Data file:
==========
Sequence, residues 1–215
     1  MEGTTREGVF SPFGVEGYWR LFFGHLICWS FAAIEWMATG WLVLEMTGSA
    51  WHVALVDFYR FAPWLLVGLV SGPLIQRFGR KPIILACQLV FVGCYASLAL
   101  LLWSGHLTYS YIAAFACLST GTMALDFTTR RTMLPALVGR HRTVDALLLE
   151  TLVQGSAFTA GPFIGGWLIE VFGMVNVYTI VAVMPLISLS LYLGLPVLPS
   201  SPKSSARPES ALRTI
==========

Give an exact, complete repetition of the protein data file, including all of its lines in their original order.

Sequence, residues 1–215
     1  MEGTTREGVF SPFGVEGYWR LFFGHLICWS FAAIEWMATG WLVLEMTGSA
    51  WHVALVDFYR FAPWLLVGLV SGPLIQRFGR KPIILACQLV FVGCYASLAL
   101  LLWSGHLTYS YIAAFACLST GTMALDFTTR RTMLPALVGR HRTVDALLLE
   151  TLVQGSAFTA GPFIGGWLIE VFGMVNVYTI VAVMPLISLS LYLGLPVLPS
   201  SPKSSARPES ALRTI